Jul 21, 2017, 05:56AM

Paleocon Diary (#75)

Rod Dreher, the professional Christian, should have more faith in the mercy of Almighty God.

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Rod Dreher, paleoconservatism’s best-selling answer to sodomite icon Andrew Sullivan in his constant hysteria, is hyperventilating again. Now Dreher is zeroing in on an academic conference. This is an event at which professors prostrate themselves before the idols of “intersectionality” and repeat, like stoned Haitian voodoo savages, the incantations of the Foucauldian left.

It’s Dreher’s contention—and the contention of the writer whom he quotes in this piece, Elizabeth C. Corey, who reported from this conclave—that intersectionality, and more broadly all of today’s anti-liberal progressivism, is a religion. It has its own Manichean philosophy, its own gods and demons, its own canons of purity and contamination, its own prayers, rituals and blasphemies.

This is not a new idea. John McWhorter, a Black intellectual of repute, has advanced much the same thesis. I think there’s something to it. (McWhorter is a handsome man, with a smooth milk-chocolate complexion and features that testify, happily, to an admixture of Anglo-Saxon blood, probably during the so-called “Atlanta Railroad Expansion Era” of the antebellum South. During this period, the absence of Black men from the plantations—they had all been sent to lay track in Atlanta—stimulated in deprived Black women an earthy need to fornicate with their White masters. I doubt that the Black women gleaned the same physical satisfaction from these couplings with their White masters that they would have with their more robust Black partners, but the result was salubrious.)

Dreher sees intersectional leftism as a juggernaut, a wave that will sweep through and transform our institutions. The results will be dire for the likes of Dreher and me. We can expect repression. Our free speech will be curtailed, discarded as a bourgeois-fascist error by our new commissars. Our right to free association will be eliminated, and the new dictators will strip us of what wealth we have and distribute it to those groups who, though newly empowered, will claim that our type oppressed them in the past. Our children will face campaigns of vilification and physical abuse, just as ethnic Russian children do in Ukrainian state schools today.

As for freedom of religion—"forget about it," to borrow the lingo of the New York Jew.

I share Dreher's apprehensions. Vigilance is needed, and we will need to fight the political battles necessary to protect ourselves.

Where Dreher errs is in the certainty of his pessimism. But then, our Rod has always been an easily panicked little daffodil of a man, hasn't he? (Again, in this he's like his friend, the homosexual militant Sullivan.)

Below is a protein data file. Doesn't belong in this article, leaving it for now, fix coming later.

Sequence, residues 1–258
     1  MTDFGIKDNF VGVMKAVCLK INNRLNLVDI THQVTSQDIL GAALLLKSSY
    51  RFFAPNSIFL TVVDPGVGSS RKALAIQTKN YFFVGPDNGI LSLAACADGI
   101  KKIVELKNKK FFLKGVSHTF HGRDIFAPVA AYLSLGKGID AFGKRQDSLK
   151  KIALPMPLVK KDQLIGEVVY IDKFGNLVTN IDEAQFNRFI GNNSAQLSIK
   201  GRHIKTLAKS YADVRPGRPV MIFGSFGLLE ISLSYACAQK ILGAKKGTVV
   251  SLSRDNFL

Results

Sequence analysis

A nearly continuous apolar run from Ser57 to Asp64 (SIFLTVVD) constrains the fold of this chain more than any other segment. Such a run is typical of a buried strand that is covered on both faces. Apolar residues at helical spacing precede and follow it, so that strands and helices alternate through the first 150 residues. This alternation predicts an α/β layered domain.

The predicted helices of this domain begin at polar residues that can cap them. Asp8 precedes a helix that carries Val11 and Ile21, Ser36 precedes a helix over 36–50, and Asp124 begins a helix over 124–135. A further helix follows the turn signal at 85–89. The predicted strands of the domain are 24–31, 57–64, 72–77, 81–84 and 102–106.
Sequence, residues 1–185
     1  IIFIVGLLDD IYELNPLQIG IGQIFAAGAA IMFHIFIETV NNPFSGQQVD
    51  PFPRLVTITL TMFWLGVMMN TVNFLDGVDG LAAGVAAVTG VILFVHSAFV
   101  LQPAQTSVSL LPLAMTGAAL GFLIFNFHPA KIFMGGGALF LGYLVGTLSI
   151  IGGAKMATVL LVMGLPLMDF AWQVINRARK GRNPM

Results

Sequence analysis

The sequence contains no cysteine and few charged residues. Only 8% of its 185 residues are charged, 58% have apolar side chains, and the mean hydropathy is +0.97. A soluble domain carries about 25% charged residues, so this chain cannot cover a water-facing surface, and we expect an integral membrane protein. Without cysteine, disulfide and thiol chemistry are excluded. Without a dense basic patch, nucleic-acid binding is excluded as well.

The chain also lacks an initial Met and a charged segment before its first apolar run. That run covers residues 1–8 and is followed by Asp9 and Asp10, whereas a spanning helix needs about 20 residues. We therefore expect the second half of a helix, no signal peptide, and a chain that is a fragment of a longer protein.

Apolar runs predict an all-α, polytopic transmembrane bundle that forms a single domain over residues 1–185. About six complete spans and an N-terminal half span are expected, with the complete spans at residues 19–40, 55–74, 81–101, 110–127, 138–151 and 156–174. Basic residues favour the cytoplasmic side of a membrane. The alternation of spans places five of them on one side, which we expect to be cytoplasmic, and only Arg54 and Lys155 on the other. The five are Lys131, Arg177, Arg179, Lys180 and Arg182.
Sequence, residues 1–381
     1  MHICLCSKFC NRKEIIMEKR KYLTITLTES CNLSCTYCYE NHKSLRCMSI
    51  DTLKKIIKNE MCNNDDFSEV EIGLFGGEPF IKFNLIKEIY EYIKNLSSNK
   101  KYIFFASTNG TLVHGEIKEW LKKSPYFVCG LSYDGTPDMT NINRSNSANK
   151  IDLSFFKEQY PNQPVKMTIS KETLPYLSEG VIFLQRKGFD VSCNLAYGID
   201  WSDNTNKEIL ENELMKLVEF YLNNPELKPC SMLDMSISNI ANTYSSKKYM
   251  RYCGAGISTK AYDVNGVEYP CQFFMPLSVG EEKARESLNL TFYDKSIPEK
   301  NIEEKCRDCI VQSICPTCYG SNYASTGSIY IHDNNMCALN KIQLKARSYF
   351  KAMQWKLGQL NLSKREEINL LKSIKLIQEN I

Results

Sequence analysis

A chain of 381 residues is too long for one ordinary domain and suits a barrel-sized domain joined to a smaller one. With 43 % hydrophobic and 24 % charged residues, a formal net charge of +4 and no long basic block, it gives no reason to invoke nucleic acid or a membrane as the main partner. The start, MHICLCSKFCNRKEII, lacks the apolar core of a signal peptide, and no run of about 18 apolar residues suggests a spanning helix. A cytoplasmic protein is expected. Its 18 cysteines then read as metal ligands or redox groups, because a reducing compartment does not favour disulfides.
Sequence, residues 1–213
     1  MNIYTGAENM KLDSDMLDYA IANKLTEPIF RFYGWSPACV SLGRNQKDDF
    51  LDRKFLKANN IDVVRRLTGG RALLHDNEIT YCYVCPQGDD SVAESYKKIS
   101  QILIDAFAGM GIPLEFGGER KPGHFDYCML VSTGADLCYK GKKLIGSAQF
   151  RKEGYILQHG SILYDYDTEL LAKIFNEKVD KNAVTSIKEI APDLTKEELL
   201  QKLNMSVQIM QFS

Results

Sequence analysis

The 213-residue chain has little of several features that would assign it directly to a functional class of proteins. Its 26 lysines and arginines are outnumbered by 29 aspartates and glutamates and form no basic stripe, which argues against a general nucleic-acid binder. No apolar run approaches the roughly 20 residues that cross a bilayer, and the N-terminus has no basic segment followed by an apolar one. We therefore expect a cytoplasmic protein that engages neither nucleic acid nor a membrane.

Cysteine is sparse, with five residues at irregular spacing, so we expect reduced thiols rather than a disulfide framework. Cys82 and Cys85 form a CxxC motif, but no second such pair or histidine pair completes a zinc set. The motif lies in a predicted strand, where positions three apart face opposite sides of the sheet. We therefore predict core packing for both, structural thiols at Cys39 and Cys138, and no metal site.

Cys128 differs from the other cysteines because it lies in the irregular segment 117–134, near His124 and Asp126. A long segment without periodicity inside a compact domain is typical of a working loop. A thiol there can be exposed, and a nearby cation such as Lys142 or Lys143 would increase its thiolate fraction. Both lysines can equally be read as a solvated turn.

The fact is, all is not yet lost—and indeed the more dire scenarios in life have a way of not coming true. Dreher, the professional Christian, should have more faith in the mercy of Almighty God, and he should have more humility when it comes to predicting the future. As a certain baseball-playing son of the Italian immigrant hordes once opined, making predictions is hard, especially about the future.

To put it as the Russians do: Man proposes, God disposes. In his certainty of a dire future, Dreher is not only guilty of having too little faith, he's also prideful in the extreme. He seems to think that he can see farther, and truer, than God. But he cannot. No man can. Dreher has made a worldly success of himself, and I can understand why that has inflated his sense of his own importance. But he is, like I am, a mote of dust compared with the majesty of God.

Dreher might also remember how wrong he has been over the years. He succumbed to the Y2K panic, I believe. And if you read his writings from about 10 years ago, you'll see a mind terrified by the imminence of "peak oil," a phenomenon that would turn the U.S. into an apocalyptic wasteland ruled by warlords, like Somalia.

Nay, Mr. Dreher, reality is greater than your puny ability to account for it. Control yourself, and, even while preparing for the worst, be of good cheer. Pray to the Logos for strength when you are overcome with the vapors. Endure, sir.

Now, none of this is to say that the worst won't happen. It's only to say that we don't know—and God's world is infinite in its possibilities. Men such as Dreher and I might be headed for the guillotine—but then, we may not. For as the Scripture says, "He overturneth the thrones of the prideful, and glorifyeth the meek."



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